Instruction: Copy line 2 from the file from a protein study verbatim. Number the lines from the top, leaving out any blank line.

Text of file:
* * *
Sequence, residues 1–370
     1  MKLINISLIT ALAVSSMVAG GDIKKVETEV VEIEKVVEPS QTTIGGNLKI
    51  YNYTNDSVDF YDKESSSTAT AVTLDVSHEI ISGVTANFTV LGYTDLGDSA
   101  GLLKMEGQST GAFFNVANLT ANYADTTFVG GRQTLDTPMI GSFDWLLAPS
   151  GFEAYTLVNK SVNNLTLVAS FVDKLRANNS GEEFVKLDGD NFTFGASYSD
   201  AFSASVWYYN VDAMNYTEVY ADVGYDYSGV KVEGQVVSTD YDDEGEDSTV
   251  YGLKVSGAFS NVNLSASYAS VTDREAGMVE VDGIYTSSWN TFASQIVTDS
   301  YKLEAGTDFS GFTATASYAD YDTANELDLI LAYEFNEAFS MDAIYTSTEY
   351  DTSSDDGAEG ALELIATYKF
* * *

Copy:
     1  MKLINISLIT ALAVSSMVAG GDIKKVETEV VEIEKVVEPS QTTIGGNLKI